5 must-see movies to check out at L.A.’s Animation Is Film festival this weekend
The Animation Is Film Festival, celebrating some of the world’s best animation, is back for its fifth edition, and the festival is going bigger by expanding its programming to a second weekend for the first time.
Kicking off Friday at Hollywood’s TCL Chinese 6 Theatres, the festival’s opening night feature is celebrated director Henry Selick’s “Wendell & Wild,” which he co-wrote with Jordan Peele. A special screening of Guillermo del Toro’s “Pinocchio” — directed by Del Toro and Mark Gustafson — will close the festival on Oct. 29.
Beyond these buzzy stop-motion films, AIF will also host the world premieres of “Titina” and “Gold Kingdom and Water Kingdom,” as well as the theatrical premiere of the Netflix limited series “Oni: Thunder God’s Tale.” The world premiere of the English-language version of “One Piece Film: Red,” based on the long-running hit manga series by Eiichiro Oda, is the festival’s centerpiece film.
While the chance to catch lesser-known gems is part of what makes AIF special, big studio animation will also be plenty represented through special screenings of “Turning Red” (Pixar) and “Luck” (Skydance), as well as “work-in-progress” previews of “Strange World” (Disney) and “Puss in Boots: The Last Wish” (Dreamworks).
Here are five films to check out during the 2022 edition of the Animation Is Film Festival:
“Gold Kingdom and Water Kingdom”
When: Friday at 8 p.m.
Based on a popular manga series by Nao Iwamoto, “Gold Kingdom and Water Kingdom” is set in two neighboring lands with a history of going to war over the smallest of perceived slights. After building a wall along their borders, they make an attempt at peace by agreeing that each kingdom will send one of their best to be married to someone in the other kingdom. Whether each land makes good on their promise is another story. Directed by Kotono Watanabe, “Gold Kingdom and Water Kingdom” is a heartfelt romance built around one of the greatest tropes: a fake marriage.
“My Father’s Dragon”
When: Saturday at 3:30 p.m.
Cartoon Saloon co-founder and Academy Award-nominated director Nora Twomey’s newest feature is an adaptation of a beloved children’s book. “My Father’s Dragon” follows Elmer as he has to adjust to a new life in the city after his family store is forced to close. Frustrated about being brushed off by his stressed-out mother, Elmer ends up on a voyage to rescue a dragon imprisoned on a remote island as part of his plan to prove that he can help. It’s a story about friendship, adventure and how it’s OK to admit you don’t always have the answers.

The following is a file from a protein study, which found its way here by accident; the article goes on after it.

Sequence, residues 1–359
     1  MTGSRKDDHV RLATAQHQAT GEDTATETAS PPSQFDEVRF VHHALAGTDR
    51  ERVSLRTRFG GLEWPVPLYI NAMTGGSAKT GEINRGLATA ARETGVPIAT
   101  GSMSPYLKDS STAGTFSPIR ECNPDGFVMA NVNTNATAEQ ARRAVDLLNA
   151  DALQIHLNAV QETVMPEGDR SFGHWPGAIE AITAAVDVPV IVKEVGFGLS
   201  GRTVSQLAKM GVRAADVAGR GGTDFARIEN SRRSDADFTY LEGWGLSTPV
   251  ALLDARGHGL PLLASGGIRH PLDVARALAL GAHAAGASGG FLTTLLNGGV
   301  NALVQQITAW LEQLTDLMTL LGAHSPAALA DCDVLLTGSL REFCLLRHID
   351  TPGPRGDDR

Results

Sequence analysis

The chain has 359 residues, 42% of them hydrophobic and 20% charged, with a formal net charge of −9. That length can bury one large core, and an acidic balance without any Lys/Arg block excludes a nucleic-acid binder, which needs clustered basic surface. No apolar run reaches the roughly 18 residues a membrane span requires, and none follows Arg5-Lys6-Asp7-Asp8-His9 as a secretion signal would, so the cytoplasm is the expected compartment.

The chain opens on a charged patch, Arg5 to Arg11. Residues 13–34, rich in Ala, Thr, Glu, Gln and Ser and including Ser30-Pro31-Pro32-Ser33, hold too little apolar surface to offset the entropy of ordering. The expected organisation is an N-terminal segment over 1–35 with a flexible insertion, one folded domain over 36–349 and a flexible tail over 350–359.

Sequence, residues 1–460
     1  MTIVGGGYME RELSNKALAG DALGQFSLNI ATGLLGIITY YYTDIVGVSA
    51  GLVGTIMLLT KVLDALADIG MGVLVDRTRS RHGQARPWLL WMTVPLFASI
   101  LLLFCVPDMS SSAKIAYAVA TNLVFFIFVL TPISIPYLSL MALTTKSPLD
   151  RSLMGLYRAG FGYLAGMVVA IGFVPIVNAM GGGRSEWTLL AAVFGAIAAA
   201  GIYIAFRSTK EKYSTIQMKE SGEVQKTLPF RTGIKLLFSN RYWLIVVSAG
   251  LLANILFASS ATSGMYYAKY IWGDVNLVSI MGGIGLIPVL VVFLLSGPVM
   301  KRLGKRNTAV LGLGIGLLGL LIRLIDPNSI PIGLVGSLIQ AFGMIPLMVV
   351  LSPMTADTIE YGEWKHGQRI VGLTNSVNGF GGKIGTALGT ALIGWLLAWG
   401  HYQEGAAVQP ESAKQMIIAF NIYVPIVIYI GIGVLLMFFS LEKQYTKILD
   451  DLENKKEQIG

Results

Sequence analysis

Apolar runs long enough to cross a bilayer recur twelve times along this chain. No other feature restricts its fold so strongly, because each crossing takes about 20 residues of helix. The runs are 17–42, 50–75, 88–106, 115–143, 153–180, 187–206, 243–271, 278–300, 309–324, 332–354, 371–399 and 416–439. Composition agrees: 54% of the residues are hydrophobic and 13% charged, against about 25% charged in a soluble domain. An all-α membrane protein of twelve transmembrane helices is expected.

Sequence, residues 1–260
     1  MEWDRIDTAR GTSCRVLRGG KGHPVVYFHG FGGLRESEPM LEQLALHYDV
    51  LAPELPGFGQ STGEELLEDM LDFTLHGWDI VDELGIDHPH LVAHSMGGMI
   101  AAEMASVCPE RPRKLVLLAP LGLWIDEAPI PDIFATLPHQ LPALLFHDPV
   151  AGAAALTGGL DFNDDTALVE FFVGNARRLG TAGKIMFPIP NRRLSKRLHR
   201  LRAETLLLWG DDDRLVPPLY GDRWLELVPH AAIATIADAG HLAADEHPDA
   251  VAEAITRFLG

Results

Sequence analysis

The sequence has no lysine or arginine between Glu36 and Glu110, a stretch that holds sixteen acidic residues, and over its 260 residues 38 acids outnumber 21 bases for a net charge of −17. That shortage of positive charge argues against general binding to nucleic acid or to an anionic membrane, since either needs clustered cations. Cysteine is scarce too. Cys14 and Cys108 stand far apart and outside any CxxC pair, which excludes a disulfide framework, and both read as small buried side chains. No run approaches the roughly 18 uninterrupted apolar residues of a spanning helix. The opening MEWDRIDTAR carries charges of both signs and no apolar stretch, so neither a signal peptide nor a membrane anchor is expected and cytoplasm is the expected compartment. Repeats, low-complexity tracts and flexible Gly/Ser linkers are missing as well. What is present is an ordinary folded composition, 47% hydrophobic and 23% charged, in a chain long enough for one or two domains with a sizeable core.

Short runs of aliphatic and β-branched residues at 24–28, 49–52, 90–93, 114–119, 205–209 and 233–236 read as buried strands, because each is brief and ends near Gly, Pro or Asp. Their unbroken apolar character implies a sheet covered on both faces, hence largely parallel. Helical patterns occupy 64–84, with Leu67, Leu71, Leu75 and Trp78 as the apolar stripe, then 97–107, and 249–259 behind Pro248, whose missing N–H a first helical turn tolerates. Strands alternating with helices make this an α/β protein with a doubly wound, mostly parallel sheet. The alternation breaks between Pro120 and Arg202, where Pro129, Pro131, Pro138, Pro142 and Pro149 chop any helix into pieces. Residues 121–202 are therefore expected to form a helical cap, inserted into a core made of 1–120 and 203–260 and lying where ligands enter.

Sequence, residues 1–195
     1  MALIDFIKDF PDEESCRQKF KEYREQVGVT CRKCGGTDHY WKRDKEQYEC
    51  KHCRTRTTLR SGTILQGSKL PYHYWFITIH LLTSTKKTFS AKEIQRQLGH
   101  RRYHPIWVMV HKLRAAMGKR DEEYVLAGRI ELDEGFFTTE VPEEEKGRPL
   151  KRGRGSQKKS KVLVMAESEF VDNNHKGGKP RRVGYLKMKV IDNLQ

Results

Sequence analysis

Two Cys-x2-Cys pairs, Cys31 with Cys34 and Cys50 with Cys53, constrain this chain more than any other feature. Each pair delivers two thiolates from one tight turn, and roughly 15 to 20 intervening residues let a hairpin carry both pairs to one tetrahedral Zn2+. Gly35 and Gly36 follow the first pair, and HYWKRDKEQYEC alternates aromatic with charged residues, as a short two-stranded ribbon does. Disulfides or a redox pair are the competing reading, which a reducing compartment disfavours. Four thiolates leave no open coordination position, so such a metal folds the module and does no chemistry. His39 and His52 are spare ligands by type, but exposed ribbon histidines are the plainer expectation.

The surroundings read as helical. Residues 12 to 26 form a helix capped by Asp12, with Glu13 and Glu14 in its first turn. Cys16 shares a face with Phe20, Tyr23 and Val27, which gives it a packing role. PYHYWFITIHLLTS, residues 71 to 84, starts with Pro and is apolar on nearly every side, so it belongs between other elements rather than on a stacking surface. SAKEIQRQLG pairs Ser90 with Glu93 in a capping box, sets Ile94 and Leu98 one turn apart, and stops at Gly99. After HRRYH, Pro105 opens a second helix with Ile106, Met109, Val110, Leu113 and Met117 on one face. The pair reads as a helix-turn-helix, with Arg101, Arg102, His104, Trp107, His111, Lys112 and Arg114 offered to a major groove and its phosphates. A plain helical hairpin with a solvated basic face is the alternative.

When: Sunday at 1:30 p.m.
Oscar-nominated Brazilian director Alê Abreu’s hand-drawn “Perlimps” is vibrant, colorful and one of the most visually beautiful films of the festival lineup. Set in an enchanted forest, “Perlimps” follows Claé and Bruô, agents from rival kingdoms who are on a mission to save their world from the “Giants,” outsiders who thrive on the destruction wrought by war. Although initially distrustful of one another, Claé and Bruô eventually figure out they share the same goal — to locate the Perlimps who can help them save the forest.
When: Sunday at 4 p.m.
Based on the stories of the beloved French children’s character “Le Petit Nicola,” “Little Nicholas” is sort of a cross between an adaptation and a biopic. Directed by Amandine Fredon and Benjamin Massoubre, the film opens with artist Jean-Jacques Sempé meeting up with his friend, writer René Goscinny, where they create the title character. The sequences focused on Little Nicholas’ daily adventures playfully utilize line art and colors to make it seem like they are cartoon strips come to life. More poignant are the scenes in which Goscinny and Sempé directly interact with Nicholas, sharing with him the stories of their childhood and their hardships and dreams that led to their creative careers. “Little Nicolas” took the top prize at the Annecy International Animation Film Festival in June.
When: Sunday at 6:30 p.m.
Directed by Inna Sahakyan, “Aurora’s Sunrise” is a documentary that blends animation and archival footage to tell the story of Aurora Mardiganian. A teen survivor of the Armenian genocide, Mardiganian’s story was depicted in the 1919 silent film “Auction of Souls,” starring Aurora as herself. Copies of the film disappeared before parts were recovered after her death in 1994. A longtime L.A. resident, Mardiganian was outspoken about the atrocities her people faced and her story shouldn’t be forgotten.
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